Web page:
Remodeling your house is a large project in and of itself, not to mention finding a qualified craftsman/Builder to help you complete the task at hand. Working with a craftsman can be a hassle if you don't hire the right one. So how do you go about finding a qualified craftsman/Builder?
Start by planning your entire project before you even begin looking for a craftsman. It helps to have the work outlined down to the measurements of what you are changing or adding. Once you have the plans established, do some research and create the budget for your project. Go to Home Depot or Lowes and get prices on the equipment you will be using and the general cost of the items you are adding or changing. You may find out that you can't afford the nice granite countertops in your kitchen remodel. Once you have the project established and the budget in place, it is time to begin contacting craftsmen/builders to complete the job.
There are a lot of qualified craftsmen out there who aren't interested in scamming you out of more money. So how can you weed out the good from the bad?
Here are some tips to help:
Start by interviewing different contractors and ask for a written bid from each craftsman. A great place to start is by contacting friends and family members for references. You may also find someone you like in your city newspaper or chamber. Once you have 3 or 4 craftsmen in mind, ask for references. References are a great way to know who you are working with exactly and what type of reputation they have.
Compare all the bids and decide who has the best price. If you like a particular craftsman over another, ask them if they would be willing to match the quote of the other craftsmen. Check for hidden costs within the bid. Some craftsmen will give you a bid, but forget to add a few minor details to the total cost, such as time and warranties.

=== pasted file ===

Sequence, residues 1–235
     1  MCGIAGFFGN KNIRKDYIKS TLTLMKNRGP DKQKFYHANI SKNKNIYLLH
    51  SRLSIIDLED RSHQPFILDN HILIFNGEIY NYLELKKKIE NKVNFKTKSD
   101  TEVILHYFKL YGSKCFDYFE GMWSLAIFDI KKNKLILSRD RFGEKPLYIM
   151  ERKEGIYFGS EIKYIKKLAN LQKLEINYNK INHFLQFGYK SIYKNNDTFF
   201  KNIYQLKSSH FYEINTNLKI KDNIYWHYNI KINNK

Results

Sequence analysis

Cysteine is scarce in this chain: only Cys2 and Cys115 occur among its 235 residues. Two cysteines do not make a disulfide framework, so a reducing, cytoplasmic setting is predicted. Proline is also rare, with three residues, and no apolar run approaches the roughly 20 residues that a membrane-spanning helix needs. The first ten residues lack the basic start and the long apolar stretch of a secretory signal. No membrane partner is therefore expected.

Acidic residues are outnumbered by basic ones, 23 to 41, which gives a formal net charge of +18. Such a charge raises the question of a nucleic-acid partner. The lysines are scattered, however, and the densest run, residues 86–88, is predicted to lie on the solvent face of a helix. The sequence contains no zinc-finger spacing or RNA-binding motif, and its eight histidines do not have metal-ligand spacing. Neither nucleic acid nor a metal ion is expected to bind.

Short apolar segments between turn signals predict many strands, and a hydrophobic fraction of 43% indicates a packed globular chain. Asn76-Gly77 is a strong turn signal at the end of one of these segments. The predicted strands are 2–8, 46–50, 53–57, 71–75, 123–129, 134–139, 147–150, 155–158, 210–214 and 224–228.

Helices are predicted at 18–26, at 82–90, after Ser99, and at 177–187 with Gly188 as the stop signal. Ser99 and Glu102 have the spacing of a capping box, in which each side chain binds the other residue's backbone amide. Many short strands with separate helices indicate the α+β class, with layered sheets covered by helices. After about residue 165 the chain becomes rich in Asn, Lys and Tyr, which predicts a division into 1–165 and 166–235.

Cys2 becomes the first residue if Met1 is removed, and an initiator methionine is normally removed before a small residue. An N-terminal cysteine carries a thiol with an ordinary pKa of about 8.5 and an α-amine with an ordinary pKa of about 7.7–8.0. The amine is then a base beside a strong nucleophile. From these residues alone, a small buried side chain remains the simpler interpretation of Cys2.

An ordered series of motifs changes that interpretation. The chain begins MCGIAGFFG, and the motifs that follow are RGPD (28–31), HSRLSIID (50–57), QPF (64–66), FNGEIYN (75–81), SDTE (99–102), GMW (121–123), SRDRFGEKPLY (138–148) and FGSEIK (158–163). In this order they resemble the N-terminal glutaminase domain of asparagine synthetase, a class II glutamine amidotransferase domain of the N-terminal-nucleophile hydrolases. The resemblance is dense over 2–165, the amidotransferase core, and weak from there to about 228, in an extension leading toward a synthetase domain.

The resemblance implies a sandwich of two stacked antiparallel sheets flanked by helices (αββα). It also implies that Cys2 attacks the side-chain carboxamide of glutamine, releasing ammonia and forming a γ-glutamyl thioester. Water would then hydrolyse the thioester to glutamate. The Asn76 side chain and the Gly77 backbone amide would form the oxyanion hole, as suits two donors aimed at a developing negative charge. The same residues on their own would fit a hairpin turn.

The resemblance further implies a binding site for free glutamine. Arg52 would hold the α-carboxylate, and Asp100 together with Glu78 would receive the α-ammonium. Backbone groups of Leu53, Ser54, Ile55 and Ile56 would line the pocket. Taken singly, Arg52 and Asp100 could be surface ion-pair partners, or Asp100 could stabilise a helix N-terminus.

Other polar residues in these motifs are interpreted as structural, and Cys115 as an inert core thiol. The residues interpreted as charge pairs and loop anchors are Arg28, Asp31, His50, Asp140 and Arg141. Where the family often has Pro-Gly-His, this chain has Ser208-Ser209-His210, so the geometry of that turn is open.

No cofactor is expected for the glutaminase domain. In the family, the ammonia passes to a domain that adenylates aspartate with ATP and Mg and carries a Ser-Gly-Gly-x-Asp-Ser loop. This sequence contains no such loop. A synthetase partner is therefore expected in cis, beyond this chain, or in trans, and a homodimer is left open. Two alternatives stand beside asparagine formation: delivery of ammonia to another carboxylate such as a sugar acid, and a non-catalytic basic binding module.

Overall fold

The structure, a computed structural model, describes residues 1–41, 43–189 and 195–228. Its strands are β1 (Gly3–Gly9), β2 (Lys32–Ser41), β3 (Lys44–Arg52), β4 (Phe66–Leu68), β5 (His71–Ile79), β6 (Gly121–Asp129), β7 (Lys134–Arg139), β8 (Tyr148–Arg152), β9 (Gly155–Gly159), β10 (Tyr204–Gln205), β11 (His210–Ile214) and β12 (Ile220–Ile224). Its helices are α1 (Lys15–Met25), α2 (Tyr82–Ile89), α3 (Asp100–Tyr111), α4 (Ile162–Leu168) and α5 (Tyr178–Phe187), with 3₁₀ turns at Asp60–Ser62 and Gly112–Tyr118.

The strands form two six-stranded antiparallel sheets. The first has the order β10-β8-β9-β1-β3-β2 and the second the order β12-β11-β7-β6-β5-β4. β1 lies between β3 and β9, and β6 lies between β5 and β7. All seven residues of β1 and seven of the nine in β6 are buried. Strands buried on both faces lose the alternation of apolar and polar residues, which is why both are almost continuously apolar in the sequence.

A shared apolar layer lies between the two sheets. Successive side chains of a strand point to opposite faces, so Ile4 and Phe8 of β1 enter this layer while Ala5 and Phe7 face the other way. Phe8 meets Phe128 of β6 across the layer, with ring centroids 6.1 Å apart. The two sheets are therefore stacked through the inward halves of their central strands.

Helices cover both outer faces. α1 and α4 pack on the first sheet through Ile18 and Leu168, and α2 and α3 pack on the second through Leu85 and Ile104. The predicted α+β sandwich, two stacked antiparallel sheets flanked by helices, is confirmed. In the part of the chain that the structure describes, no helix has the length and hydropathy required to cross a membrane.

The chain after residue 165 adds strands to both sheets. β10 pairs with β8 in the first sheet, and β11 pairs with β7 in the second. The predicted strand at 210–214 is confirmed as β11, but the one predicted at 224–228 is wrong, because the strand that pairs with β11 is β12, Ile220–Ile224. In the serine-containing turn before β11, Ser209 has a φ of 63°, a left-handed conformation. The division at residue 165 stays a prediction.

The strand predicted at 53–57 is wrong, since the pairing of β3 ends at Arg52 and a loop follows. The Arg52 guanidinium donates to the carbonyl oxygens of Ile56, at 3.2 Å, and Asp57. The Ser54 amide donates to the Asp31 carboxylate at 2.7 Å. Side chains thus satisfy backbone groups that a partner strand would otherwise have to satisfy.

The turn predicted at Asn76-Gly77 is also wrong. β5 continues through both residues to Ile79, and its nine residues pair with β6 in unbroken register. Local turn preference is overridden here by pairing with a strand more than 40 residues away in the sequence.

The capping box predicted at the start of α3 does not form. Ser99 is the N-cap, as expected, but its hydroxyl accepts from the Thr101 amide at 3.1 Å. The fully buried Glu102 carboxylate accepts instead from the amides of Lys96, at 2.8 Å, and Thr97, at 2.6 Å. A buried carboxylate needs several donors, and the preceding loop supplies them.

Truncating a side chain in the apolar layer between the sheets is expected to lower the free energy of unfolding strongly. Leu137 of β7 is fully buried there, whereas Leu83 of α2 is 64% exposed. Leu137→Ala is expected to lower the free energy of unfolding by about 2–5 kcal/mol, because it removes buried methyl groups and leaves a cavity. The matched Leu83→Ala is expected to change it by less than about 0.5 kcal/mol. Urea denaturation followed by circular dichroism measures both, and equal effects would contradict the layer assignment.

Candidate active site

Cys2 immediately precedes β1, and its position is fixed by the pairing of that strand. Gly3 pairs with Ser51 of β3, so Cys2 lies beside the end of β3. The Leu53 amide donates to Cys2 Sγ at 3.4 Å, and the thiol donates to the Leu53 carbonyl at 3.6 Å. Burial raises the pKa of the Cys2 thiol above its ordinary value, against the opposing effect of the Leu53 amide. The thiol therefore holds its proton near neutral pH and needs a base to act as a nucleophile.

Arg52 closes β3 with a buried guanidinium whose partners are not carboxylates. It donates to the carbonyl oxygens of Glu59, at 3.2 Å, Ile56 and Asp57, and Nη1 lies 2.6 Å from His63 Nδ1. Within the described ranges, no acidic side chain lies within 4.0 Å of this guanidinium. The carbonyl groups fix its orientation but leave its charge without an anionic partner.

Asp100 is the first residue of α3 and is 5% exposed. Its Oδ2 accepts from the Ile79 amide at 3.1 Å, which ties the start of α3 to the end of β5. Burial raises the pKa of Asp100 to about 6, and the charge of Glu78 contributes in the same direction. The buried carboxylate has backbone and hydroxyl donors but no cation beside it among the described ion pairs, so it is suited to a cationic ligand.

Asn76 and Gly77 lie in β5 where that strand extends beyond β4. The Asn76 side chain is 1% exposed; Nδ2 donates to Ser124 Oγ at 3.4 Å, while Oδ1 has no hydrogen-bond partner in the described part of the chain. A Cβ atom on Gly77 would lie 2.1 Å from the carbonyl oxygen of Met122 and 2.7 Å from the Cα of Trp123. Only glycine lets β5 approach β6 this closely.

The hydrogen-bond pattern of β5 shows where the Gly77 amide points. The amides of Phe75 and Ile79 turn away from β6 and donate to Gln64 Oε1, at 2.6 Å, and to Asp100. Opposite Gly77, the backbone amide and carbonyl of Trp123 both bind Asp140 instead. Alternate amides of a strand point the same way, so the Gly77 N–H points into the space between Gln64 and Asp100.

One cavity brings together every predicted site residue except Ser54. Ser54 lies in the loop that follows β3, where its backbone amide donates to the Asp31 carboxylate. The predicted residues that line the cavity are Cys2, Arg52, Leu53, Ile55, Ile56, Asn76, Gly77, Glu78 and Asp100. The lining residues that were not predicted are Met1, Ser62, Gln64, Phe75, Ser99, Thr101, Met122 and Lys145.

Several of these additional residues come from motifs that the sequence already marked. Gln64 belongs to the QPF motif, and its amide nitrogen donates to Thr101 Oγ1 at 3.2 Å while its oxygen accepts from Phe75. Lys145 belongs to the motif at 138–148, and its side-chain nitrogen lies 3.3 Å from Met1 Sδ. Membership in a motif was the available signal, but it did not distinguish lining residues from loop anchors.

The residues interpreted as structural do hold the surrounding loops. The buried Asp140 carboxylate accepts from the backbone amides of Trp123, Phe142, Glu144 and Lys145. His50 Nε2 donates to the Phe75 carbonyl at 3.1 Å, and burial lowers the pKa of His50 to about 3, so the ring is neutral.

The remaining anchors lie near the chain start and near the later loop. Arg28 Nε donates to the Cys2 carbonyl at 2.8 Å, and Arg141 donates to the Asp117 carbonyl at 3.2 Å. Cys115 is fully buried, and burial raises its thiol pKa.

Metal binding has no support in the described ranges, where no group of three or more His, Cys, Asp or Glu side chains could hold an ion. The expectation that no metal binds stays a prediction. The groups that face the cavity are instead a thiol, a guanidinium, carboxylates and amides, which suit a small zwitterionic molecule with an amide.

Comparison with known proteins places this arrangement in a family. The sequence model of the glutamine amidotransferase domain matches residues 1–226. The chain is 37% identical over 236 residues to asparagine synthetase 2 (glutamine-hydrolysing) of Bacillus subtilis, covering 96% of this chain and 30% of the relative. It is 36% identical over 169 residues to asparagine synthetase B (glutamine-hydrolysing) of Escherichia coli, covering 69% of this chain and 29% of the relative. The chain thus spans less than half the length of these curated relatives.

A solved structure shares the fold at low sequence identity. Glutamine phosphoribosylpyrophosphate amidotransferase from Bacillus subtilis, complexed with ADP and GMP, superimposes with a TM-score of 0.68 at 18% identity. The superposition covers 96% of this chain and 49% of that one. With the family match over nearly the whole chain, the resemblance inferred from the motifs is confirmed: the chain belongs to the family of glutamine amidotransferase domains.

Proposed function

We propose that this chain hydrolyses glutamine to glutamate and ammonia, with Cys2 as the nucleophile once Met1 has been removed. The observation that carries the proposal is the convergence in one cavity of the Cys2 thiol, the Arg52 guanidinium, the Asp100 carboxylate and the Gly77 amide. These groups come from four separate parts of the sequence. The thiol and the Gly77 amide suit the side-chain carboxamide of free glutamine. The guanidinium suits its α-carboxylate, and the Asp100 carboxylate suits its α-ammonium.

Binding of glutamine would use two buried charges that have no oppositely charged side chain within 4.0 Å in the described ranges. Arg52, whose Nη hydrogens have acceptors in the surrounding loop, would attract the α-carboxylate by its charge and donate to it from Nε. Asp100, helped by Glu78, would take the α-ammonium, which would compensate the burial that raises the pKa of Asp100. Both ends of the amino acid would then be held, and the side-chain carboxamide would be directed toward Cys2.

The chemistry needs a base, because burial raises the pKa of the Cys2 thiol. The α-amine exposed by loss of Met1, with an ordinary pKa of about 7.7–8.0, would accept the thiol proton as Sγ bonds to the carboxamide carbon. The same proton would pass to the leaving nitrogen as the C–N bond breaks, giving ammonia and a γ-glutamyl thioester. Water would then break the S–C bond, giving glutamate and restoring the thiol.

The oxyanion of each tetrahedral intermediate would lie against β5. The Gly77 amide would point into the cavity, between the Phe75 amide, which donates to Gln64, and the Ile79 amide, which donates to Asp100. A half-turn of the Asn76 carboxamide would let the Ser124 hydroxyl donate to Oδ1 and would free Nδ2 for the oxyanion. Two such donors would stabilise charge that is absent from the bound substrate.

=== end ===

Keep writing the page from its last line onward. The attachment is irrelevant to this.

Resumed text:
Before you officially hire the craftsman, discuss your time frame with them. You should create a schedule together that will satisfy both of you. If the craftsman is doing a number of different projects, you will need to create a payment plan. This is generally because some craftsmen will need to be paid on a daily basis, while others want a payment when the job is completed.
Discuss warranty information with the craftsman. This is mostly for your own protection. For examples, the craftsman could rip out the tile shower, replace a cracked pan and retile your shower for a set cost. What happens if he didn't seal the pan properly and the shower begins leaking through the ceiling or onto the floor? You need to have a clause in your agreement that states the craftsman will be responsible for fixing the shower if it was not done properly in the beginning.
Most craftsmen are honest, but here are some tips to help you know if you are dealing with a bad one:
•No references or credentials.
•The bid is significantly lower from other craftsmen.
•Daily specials. For example, they offer you a different rate if you call Monday versus on Wednesday.
•Only accepts cash payments.
•Requires payment in full before work begins.
•Doesn't offer a warranty or will not be responsible for future problems with the project they are working on.
•If a building permit is required, they ask you to obtain it.
•Needs money to purchase the supplies. Most craftsmen come ready with the supplies needed for the job. The exception is when you want specific parts installed, you will normally purchase these parts yourself and then they will only charge you for the labor.
Information for this article was taken from http://www.homebuildingremodeling.com. Always look at the Texas Residential Commission Construction site for registered builders (http://www.trcc.state.tx.us or call 877-651-TRCC). For all your real estate and building needs or questions, call Debbie at 830-833-4249, 713-818-69658 or firstname.lastname@example.org.